But it may not BE a matter of "luck"; bloop hits may very well be a measure of the batter's skill in making contact with pitches that other hitters would miss or pop up to the infield.

-- MWE
   129. HGM Posted: January 01, 2008 at 08:47 PM (#2657978)
Let's take BABIP for a second. It's got some repeatability, but, as we see with Jorge Posada and Magglio Ordonez, is prone to one-year fluctuations. Does that make those players less valuable, when ranking players in 2007? I would hope not. Now, I certainly wouldn't add much weight to hitting with RISP, but for any given year, I do believe that it should slightly affect the rankings.
   130. a bebop a rebop Posted: January 01, 2008 at 09:04 PM (#2657982)
Crap, my first double post ever. Very sorry.


In light of your McGwire vote, I'd say it was RDF.
   131. John (You Can Call Me Grandma) Murphy Posted: January 01, 2008 at 09:27 PM (#2657995)
You're right. All hits that result in a runner scoring from second or third count as two hits. And if happens with two outs, then it counts as three hits. That's part of the Win Shares methodology.


Actually, that's not the case, but you know that already, I assume.
   132. John (You Can Call Me Grandma) Murphy Posted: January 01, 2008 at 09:32 PM (#2657996)
But it may not BE a matter of "luck"; bloop hits may very well be a measure of the batter's skill in making contact with pitches that other hitters would miss or pop up to the infield.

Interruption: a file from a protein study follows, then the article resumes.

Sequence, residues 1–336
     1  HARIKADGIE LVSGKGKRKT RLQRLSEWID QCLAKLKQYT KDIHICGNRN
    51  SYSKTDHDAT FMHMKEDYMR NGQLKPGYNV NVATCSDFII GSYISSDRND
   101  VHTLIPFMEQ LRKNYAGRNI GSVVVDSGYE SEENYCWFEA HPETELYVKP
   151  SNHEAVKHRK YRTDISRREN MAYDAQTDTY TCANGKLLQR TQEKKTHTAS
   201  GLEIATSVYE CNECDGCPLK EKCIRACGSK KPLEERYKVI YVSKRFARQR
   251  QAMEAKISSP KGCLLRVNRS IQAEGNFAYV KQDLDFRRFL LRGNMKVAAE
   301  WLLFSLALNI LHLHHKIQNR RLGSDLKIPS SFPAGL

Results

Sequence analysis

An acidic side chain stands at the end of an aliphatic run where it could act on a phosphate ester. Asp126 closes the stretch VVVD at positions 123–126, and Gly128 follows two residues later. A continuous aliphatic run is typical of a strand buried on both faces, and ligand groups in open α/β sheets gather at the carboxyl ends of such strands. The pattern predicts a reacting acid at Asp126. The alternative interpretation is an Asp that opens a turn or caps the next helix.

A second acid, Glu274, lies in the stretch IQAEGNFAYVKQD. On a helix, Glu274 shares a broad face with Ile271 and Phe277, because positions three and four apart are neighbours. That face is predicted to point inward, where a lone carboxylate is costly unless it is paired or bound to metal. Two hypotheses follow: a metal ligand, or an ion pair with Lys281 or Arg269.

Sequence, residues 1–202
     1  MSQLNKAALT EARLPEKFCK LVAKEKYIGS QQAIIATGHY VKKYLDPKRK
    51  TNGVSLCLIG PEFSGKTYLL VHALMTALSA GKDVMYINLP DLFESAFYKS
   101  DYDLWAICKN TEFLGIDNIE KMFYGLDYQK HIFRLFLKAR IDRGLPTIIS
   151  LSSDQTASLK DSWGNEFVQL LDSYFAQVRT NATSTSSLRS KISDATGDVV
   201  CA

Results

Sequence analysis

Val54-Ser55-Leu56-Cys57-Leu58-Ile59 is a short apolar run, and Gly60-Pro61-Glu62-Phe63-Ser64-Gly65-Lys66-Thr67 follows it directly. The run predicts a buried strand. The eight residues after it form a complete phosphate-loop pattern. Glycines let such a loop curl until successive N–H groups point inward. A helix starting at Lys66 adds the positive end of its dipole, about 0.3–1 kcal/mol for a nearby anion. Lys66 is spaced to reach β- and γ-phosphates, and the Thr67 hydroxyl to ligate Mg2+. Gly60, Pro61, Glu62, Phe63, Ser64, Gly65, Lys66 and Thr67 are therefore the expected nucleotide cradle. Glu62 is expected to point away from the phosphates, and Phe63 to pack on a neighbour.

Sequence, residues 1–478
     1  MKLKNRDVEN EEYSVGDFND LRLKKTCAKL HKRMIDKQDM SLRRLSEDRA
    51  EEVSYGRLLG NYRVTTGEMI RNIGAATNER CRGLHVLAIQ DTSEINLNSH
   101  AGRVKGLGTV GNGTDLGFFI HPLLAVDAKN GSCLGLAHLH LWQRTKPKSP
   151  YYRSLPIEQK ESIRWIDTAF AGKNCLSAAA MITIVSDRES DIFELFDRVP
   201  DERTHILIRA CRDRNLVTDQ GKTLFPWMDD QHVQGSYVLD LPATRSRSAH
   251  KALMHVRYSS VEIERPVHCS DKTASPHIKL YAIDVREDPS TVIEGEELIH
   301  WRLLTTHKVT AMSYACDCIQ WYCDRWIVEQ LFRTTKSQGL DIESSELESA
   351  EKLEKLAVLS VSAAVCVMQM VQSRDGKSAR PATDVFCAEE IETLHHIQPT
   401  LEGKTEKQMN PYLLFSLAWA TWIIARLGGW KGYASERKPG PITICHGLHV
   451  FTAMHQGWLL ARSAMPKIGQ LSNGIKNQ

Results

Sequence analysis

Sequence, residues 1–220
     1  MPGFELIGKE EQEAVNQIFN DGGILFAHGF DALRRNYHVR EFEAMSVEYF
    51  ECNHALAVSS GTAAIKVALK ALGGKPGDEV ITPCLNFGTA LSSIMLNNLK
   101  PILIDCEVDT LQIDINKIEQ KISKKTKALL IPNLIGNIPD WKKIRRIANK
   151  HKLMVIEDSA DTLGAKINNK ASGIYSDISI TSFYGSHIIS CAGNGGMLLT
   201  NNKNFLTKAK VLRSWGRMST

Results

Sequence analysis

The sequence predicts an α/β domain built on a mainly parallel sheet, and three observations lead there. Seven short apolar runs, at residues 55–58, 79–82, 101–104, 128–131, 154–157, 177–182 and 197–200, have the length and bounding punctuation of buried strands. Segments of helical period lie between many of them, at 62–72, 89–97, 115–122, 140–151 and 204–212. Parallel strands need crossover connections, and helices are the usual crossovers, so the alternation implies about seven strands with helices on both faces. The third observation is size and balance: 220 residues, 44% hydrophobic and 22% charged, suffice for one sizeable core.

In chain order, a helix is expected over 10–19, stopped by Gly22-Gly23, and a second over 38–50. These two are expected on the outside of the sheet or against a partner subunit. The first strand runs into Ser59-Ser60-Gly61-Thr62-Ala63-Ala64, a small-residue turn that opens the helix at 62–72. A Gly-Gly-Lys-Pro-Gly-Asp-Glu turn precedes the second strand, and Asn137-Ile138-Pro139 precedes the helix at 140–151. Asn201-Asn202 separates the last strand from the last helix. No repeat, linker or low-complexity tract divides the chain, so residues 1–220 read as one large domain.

You're right, Mike, but I don't think batters actively attempt to hit Texas Leaguers. Not that they shouldn't be credited for them when they do hit them, of course.
   133. Chris Cobb Posted: January 01, 2008 at 11:15 PM (#2658032)
In Rank Order:

1) Tim Raines. Hall of Fame comps: Al Kaline, Frankie Frisch. Raines is an upper-half of the Hall of Fame player, at least. Great peak, excellent career.
2) Bert Blyleven. Hall of Fame comps: Gaylord Perry, Phil Niekro. Blyleven lacks the 300 wins, and maybe with his talent he should have won 300. But it's ridiculous to keep him out of the Hall of Fame for that reason. He may not have been as good as he could have been, but he was still way better than a lot of pitchers in the Hall of Fame.
3) Mark McGwire. Hall of Fame comps: Harmon Killebrew, Harry Heilmann. One of the great power hitters in baseball history. I don't moralize about the steroids. If I did, I'd simply stop caring about professional athletics.
4) Alan Trammell. Hall of Fame comps: Joe Sewell, Lou Boudreau. Better than Sewell, not as good as Boudreau, but they are both solid HoFers, and so is Trammell.